YANG MU, PEN NAME OF WANG JINGXIAN (1940— ) - The Dictionary

Chinese Literature - Li-hua Ying 2010

The Dictionary

YANG MU, PEN NAME OF WANG JINGXIAN (1940— ). Poet, essayist, and translator. Born in Taiwan, Yang Mu began writing poetry in middle school. He graduated from Donghai University with a degree in English and from the University of Iowa with a master’s degree in creative writing, and received his Ph.D. in comparative literature from the University of California at Berkeley. Yang has taught Chinese and comparative literature at the University of Washington, National Taiwan University, and Hong Kong University of Science and Technology, among other institutions of higher learning. He has had a long and distinguished career. That he has studied both classical Chinese poetry and Western poetic traditions is reflected in his own creative work. Among Western poets, the work of John Keats and William Butler Yeats highly influenced Yang. Keats’s desire to return to an idealized and romanticized social order in the Middle Ages is echoed in Yang’s eulogizing of nature worship among indigenous cultures in Taiwan. Yang also expressed his admiration for Yeats’s innovative linguistic techniques. On the other end of the spectrum, classical Chinese poetry, from Shi jing (The Book of Odes) to the great poets of the Tang dynasty, has been a constant source of intellectual nourishment for him. Yang has systematically studied classical Chinese philosophy and literature and considered the Chinese poetic tradition an essential element in his blood and spirit; his Ph.D. dissertation was a study of Shi jing.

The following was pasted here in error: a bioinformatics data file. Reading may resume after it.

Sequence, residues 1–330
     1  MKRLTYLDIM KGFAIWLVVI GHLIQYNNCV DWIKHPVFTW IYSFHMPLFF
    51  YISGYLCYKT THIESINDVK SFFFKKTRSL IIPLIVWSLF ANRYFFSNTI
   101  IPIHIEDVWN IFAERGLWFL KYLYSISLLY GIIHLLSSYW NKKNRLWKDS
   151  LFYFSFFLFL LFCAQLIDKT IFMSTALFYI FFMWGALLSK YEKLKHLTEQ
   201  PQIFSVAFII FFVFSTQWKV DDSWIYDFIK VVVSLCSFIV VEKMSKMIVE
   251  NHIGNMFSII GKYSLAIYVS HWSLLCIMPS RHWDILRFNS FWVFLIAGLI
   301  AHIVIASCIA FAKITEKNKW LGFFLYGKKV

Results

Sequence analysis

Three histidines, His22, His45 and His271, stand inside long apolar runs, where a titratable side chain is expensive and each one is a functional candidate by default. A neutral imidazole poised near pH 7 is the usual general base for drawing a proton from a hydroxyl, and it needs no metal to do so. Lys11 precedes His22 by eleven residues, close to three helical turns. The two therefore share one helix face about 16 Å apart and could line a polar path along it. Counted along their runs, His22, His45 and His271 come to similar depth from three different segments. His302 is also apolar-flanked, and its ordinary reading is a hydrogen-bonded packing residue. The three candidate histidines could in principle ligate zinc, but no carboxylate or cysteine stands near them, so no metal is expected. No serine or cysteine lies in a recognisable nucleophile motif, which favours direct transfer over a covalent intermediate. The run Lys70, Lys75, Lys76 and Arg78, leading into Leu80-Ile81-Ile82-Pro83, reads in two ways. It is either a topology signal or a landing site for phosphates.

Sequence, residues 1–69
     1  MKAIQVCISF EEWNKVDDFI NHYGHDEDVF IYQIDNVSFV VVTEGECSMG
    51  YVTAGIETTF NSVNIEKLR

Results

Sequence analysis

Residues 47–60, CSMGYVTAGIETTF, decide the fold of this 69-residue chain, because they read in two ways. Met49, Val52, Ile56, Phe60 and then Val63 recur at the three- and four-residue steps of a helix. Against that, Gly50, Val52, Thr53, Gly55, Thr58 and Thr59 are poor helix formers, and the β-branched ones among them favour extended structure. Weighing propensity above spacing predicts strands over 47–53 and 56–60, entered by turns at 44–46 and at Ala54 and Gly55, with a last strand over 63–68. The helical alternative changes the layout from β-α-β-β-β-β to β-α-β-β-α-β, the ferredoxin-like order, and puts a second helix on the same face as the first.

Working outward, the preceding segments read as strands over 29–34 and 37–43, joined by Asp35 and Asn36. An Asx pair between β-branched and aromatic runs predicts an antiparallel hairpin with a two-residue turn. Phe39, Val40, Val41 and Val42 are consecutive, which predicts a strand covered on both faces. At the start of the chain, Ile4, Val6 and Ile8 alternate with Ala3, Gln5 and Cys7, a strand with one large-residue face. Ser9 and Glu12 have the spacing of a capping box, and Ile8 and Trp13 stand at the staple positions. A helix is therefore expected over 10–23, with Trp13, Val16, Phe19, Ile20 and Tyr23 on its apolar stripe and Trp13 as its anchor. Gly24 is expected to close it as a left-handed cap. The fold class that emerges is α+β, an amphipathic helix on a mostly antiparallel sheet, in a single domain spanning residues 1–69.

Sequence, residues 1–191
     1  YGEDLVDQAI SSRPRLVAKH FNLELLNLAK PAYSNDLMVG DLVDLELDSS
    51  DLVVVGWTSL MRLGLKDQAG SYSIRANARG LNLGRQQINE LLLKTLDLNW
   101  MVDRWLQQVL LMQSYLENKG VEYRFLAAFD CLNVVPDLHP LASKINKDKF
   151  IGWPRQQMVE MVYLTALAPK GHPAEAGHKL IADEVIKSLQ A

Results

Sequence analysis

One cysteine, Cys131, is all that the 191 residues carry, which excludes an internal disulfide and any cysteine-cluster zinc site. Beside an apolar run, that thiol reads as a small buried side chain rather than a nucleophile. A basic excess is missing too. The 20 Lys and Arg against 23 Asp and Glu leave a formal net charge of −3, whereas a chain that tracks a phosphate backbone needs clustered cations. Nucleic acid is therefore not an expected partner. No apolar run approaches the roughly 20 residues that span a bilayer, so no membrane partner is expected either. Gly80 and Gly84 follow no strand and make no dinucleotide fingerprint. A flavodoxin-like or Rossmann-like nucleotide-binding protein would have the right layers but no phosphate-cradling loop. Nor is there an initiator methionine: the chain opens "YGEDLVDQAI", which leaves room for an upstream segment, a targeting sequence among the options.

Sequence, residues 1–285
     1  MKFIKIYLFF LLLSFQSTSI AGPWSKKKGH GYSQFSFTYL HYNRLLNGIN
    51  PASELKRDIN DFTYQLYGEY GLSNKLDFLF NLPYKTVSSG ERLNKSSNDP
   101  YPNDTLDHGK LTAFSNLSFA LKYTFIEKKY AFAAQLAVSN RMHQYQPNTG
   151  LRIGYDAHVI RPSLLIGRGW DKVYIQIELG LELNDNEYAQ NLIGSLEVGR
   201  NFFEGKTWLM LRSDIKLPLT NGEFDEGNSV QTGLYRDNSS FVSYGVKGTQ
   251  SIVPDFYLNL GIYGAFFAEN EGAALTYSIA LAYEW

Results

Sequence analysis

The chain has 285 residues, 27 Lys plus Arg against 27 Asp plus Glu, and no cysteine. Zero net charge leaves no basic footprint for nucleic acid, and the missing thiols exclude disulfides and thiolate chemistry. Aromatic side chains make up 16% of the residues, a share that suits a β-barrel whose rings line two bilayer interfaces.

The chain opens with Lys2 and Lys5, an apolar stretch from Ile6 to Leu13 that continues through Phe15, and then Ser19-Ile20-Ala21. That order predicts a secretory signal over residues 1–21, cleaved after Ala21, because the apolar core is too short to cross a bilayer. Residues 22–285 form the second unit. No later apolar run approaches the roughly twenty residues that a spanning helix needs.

Yang’s own poetry shows his familiarity with Chinese images and allusions, as well as its rhythms, and with a wide variety of forms and meters of English poetry. His poems are characterized by fragmented imageries that demand active participation from the imagination of readers to fill in the blanks. Yang is particularly noted for his experiments with integrating forms of poetry and lyrical prose, innovations partially inspired by the rhymed prose of the Six Dynasties (221—589) and early Chinese philosophical texts, which Yang studied during his college years. Most of all, he is known for his lasting interest in expressing the romantic spirit, for living a life that embraces the energy of rebelliousness. His poems and essays often deal with questions about life and death, truth and beauty, and the significance of spirituality. Similarly, his autobiography attempts to define the meaning of beauty through recollections of his early life in Taiwan. See also MODERN POETRY MOVEMENT IN TAIWAN.